There is advice on how to speed up the drifting/moving and eating phase, and it should be used. However even with the advice, games are still going to take around 2 hours and the majority of the time is still going to be spent in the drifting/moving and eating phase.

If you consider the drifting/moving and eating phase to be the equivalent of rolling dice and cross indexing them with your genes on a Combat Results Table to get a result, PS is going to drag for you. I look at the drifting/moving and eating phase as an experiment where I can see how my amoebas with my gene selection perform.

To use another game analogy, the drifting/moving and eating phase of PS is like the part of Galaxy Trucker where you pilot the space ship you’ve constructed. If you don’t enjoy seeing how well built, or not, your space ship is by piloting it through various scenarios to see if it falls apart, you’re not going to enjoy Galaxy Trucker. In the same way, if you don’t enjoy seeing how well you picked your genes by observing (and making some tactical decisions) how your amoebas perform during the drifting/moving and eating phase, you’re not going to enjoy PS.

Conclusion:

As you can probably tell, PS is one of my favorite games. But no game is fun for every gamer and PS is no exception. After reading this post, some gamers may decide that PS is probably not for them. Hopefully others will think that PS might be fun and give it a try.
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Ian McCarthy
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Nice review!

I just ordered the expansion, finally, after owning this game for a while. I had been reticent about adding anything to the game since Tom Vasel said the game didn't really need the expansion and this game hits the table only rarely.

You have done an excellent job explaining the reasons for several types of gamers to poo poo ninja this game. I particularly think the comparison of the move/eat phase to Galaxy Trucker's truckin' phase is apt, with the added drawback for the soup that the theme is so much less Kaboom!, if you know what I mean.

The poop jokes can only go so far and the wooden cubes don't help. That being said, you can play this game with a shorter score track. I highly recommend starting at no more than two-thirds of the track for newbies, unless you're sure they're really into a two hour game about amoebas.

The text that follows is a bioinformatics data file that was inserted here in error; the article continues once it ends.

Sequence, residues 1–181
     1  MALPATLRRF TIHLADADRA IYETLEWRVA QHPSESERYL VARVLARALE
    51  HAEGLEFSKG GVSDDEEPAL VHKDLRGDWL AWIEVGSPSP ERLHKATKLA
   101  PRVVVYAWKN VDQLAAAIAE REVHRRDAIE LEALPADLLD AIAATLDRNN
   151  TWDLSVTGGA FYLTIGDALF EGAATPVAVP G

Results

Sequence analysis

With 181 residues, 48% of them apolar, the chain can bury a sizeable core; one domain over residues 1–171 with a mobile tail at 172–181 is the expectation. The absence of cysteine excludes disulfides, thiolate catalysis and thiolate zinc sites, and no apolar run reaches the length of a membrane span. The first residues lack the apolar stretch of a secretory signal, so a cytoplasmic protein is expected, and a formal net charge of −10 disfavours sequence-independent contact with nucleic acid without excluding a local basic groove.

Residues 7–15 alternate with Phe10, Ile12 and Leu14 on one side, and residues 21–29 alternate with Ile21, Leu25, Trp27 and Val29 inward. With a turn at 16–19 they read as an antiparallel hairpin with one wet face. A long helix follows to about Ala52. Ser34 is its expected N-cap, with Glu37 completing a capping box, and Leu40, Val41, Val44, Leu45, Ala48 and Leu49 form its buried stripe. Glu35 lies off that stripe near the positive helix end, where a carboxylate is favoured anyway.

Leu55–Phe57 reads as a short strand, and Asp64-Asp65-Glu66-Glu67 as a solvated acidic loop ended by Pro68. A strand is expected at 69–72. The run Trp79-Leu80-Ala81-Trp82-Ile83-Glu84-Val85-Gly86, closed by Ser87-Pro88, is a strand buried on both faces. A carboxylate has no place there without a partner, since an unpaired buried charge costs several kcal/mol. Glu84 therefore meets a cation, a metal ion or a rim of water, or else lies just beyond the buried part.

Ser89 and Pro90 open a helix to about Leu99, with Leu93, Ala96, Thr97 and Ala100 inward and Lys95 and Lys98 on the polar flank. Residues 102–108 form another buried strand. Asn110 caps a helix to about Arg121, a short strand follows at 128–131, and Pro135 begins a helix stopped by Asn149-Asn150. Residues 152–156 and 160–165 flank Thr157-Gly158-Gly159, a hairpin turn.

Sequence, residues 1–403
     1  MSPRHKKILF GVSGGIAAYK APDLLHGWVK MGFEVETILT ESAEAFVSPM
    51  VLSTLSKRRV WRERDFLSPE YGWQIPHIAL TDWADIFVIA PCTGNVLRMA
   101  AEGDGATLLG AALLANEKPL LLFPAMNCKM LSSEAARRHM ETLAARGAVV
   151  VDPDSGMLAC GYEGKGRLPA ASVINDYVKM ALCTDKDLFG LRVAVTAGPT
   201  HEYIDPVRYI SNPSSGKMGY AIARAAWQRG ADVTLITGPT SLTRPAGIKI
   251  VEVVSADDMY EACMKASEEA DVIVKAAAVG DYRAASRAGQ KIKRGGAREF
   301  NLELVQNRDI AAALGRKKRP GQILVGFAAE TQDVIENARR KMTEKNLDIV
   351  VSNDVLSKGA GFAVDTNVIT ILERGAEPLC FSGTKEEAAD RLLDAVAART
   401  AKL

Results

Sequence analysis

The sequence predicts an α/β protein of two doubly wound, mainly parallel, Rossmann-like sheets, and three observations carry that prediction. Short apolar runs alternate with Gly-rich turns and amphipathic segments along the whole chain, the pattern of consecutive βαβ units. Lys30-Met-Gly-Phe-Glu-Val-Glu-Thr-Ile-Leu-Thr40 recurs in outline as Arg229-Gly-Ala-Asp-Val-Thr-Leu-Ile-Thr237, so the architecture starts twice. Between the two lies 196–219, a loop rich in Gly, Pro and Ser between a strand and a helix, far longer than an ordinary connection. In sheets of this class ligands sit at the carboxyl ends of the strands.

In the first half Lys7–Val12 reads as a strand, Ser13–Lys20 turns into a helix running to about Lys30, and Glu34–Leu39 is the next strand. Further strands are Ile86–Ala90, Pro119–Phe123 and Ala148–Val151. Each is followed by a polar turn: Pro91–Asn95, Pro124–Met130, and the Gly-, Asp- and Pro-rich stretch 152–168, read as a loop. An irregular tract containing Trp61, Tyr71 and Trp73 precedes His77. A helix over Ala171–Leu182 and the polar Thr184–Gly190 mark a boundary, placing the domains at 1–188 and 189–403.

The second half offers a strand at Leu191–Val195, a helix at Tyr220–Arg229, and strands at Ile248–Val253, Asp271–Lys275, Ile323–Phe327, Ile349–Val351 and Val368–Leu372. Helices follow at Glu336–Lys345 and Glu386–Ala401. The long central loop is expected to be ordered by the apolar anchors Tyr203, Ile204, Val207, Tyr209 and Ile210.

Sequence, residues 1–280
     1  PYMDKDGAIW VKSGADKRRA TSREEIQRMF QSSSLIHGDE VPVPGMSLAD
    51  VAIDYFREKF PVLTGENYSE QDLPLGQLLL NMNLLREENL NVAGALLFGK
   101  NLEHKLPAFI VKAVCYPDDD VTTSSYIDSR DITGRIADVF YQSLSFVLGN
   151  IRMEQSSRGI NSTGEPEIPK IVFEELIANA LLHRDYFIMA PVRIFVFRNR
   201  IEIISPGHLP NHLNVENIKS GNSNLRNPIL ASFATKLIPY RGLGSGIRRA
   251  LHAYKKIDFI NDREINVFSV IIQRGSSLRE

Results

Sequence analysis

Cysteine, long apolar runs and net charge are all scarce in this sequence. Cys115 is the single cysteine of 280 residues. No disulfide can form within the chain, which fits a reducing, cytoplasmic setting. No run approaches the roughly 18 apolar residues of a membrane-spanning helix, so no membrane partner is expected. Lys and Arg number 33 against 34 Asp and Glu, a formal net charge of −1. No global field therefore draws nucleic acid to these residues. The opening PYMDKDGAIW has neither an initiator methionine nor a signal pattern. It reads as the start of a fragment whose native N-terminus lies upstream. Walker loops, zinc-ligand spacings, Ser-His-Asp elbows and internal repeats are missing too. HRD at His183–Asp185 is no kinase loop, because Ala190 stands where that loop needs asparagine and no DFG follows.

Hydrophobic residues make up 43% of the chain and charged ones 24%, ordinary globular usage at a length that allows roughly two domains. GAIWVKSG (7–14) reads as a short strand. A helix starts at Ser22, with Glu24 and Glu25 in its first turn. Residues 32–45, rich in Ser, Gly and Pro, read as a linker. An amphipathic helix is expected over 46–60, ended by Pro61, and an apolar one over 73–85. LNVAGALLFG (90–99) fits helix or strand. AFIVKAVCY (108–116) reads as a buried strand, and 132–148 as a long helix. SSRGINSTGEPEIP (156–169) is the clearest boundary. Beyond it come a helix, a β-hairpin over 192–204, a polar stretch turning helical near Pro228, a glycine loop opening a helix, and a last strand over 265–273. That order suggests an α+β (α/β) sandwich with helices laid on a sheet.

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dustin boggs
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My biggest issue was the scoring. I did not like how you seemed to be stuck in the similar position finding it very difficult to move up.
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Gary Libby
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ejclason wrote:
What makes PS a fun game, is the genes. Each gene choice is a strategic decision.


I personally find the drifting and eating to be the most fun. The selection of many of the genes helps to facilitate dishing out damage to and preventing damage from your opponents. It may take a while to get back to your turn, but if you are into the game's theme then watching everyone's amoebas in action as they eat, kill, and shit their way around the board is a real hoot. I just love dragging cubes away from people or eating their amoeba's! goo
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Eric Clason
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ramkitty wrote:
My biggest issue was the scoring. I did not like how you seemed to be stuck in the similar position finding it very difficult to move up.

I have seen one other mention of a 'runaway leader' problem. It has not been my experience. Yes, I've been in some games where a player has taken an early lead and held on for the win. But I have been in at least as many games where the lead has changed in the last few rounds. In one, I was in 3rd place with (what turned out to be) 3 rounds left and I was able to pull off a win.